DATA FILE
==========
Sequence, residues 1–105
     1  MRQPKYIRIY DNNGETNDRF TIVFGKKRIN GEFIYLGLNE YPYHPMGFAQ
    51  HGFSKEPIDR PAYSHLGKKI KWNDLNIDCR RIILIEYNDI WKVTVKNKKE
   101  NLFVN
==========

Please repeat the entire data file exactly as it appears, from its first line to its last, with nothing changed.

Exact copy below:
Sequence, residues 1–105
     1  MRQPKYIRIY DNNGETNDRF TIVFGKKRIN GEFIYLGLNE YPYHPMGFAQ
    51  HGFSKEPIDR PAYSHLGKKI KWNDLNIDCR RIILIEYNDI WKVTVKNKKE
   101  NLFVN